To seal is to ratify, to justify, or to approve.
—Elder Bruce R. McConkie
Elder Bruce R. McConkie
“The Holy Spirit of Promise is the Holy Spirit promised the saints, or in other words the Holy Ghost. This name-title is used in connection with the sealing and ratifying power of the Holy Ghost, that is, the power given him to ratify and approve the righteous acts of men so that those acts will be binding on earth and in heaven. ‘All covenants, contracts, bonds, obligations, oaths, vows, performances, connections, associations, or expectations,’ must be sealed by the Holy Spirit of Promise, if they are to have ‘efficacy, virtue, or force in and after the resurrection from the dead; for all contracts that are not made unto this end have an end when men are dead.’ (D. & C. 132:7.)
“To seal is to ratify, to justify, or to approve. Thus an act which is sealed by the Holy Spirit of Promise is one which is ratified by the Holy Ghost; it is one which is approved by the Lord; and the person who has taken the obligation upon himself is justified by the Spirit in the thing he has done.
“The ratifying seal of approval is put upon an act only if those entering the contract are worthy as a result of personal righteousness to receive the divine approbation. They ‘are sealed by the Holy Spirit of promise, which the Father sheds forth upon all those who are just and true.’ (D. & C. 76:53.) If they are not just and true and worthy the ratifying seal is withheld.
“When any ordinance or contract is sealed by the Spirit, it is approved with a promise of reward, provided unrighteousness does not thereafter break the seal, remove the ratifying approval, and cause loss of the promised blessing. (Doctrines of Salvation, vol. 1, p. 55; vol. 2, pp. 94–99.) Seals are placed on contracts through righteousness.
“The operation and power of the Holy Spirit of Promise is best illustrated by the ordinance and contract of baptism. An unworthy candidate for baptism might deceive the elders and get the ordinance performed, but no one can lie to the Holy Ghost and get by undetected. Accordingly, the baptism of an unworthy and unrepentant person would not be sealed by the Spirit; it would not be ratified by the Holy Ghost; the unworthy person would not be justified by the Spirit in his actions. If thereafter he became worthy through repentance and obedience, the seal would then be put in force. Similarly, if a worthy person is baptized, with the ratifying approval of the Holy Ghost attending the performance, yet the seal may be broken by subsequent sin.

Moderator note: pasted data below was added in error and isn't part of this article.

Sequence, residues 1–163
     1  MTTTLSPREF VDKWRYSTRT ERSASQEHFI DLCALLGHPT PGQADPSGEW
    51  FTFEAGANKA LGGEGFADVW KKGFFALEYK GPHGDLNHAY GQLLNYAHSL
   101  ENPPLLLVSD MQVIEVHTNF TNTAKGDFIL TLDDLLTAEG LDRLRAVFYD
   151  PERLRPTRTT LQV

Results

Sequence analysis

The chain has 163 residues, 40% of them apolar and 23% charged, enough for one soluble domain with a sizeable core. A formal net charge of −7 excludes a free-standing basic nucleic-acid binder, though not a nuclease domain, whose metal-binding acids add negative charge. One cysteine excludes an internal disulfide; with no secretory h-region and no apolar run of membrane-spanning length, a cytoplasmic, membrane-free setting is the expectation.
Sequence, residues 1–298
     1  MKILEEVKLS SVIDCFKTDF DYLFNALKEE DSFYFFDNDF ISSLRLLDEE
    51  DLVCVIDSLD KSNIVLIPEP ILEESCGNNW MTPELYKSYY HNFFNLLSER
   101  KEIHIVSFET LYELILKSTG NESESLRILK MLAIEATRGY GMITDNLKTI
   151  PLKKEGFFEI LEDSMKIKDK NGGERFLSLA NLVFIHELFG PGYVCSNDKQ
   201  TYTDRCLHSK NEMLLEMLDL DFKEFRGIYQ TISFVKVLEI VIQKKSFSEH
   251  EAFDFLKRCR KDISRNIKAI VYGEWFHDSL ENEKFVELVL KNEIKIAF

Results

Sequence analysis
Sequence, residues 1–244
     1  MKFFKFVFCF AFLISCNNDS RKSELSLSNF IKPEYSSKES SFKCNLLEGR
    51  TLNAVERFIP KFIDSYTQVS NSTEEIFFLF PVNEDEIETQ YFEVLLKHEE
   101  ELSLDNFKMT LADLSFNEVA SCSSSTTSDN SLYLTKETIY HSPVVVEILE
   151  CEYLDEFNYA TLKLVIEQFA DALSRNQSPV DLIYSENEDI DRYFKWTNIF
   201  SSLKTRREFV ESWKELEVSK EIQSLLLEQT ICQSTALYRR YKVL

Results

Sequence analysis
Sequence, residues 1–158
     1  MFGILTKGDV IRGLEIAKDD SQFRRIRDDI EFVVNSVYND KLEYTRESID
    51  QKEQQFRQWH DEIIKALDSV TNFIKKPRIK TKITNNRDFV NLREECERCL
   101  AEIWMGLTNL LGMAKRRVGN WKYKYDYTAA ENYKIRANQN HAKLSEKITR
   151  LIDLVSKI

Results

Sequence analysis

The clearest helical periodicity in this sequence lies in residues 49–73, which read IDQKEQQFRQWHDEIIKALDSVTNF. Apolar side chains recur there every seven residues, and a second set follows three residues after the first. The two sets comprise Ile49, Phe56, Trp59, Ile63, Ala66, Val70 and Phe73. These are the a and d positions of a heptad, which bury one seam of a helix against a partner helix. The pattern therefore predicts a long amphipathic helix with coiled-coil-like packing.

“These principles also apply to every other ordinance and performance in the Church. Thus if both parties are ‘just and true,’ if they are worthy, a ratifying seal is placed on their temple marriage; if they are unworthy, they are not justified by the Spirit and the ratification of the Holy Ghost is withheld. Subsequent worthiness will put the seal in force, and unrighteousness will break any seal.
“Even if a person progresses to that state of near-perfection in which his calling and election is made sure, in which he is ‘sealed up unto eternal life’ (D. & C. 131:5; 132:18–26), in which he receives ‘the promise … of eternal life’ (D. & C. 88:3–4), in which he is ‘sealed up unto the day of redemption’ (D. & C. 124:124; Eph. 1:13)—yet with it all, these great promises are secured only if the ‘performances’ are sealed by the Holy Spirit of Promise” (Mormon Doctrine, 361–62).
An act which is sealed by the Holy Spirit of Promise … is one which is approved by the Lord.
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